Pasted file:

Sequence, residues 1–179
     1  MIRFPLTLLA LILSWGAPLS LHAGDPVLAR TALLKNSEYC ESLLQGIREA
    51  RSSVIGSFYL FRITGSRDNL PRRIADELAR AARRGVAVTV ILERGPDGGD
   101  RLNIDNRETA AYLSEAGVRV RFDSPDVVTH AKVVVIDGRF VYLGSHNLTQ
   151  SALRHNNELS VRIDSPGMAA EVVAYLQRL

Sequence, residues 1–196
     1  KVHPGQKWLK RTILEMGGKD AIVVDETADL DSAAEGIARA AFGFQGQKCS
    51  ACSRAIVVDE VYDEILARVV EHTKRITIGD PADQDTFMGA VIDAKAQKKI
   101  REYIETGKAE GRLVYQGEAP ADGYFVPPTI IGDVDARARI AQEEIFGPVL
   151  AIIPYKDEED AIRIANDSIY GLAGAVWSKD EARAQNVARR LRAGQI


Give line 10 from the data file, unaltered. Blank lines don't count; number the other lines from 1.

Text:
   151  AIIPYKDEED AIRIANDSIY GLAGAVWSKD EARAQNVARR LRAGQI